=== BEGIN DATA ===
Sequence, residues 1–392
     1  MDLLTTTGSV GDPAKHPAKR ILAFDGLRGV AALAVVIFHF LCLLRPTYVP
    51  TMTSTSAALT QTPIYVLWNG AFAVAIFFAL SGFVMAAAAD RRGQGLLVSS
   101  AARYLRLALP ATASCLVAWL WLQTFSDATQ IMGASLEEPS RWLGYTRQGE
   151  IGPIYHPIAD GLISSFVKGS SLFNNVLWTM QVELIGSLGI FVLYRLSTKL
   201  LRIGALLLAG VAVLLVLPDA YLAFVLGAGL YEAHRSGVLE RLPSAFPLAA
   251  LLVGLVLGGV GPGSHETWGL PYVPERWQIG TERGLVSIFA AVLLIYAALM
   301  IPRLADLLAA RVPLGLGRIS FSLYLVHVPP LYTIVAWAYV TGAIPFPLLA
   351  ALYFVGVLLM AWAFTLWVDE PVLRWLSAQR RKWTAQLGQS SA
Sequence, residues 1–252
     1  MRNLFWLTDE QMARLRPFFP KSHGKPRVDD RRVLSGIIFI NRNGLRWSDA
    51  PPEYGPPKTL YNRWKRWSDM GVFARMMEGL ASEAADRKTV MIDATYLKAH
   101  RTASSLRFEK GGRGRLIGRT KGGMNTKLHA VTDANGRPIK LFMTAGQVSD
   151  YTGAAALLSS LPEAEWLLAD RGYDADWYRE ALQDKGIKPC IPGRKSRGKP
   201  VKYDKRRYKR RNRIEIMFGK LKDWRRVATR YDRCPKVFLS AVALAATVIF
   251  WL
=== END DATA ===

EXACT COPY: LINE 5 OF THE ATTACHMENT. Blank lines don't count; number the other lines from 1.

   151  IGPIYHPIAD GLISSFVKGS SLFNNVLWTM QVELIGSLGI FVLYRLSTKL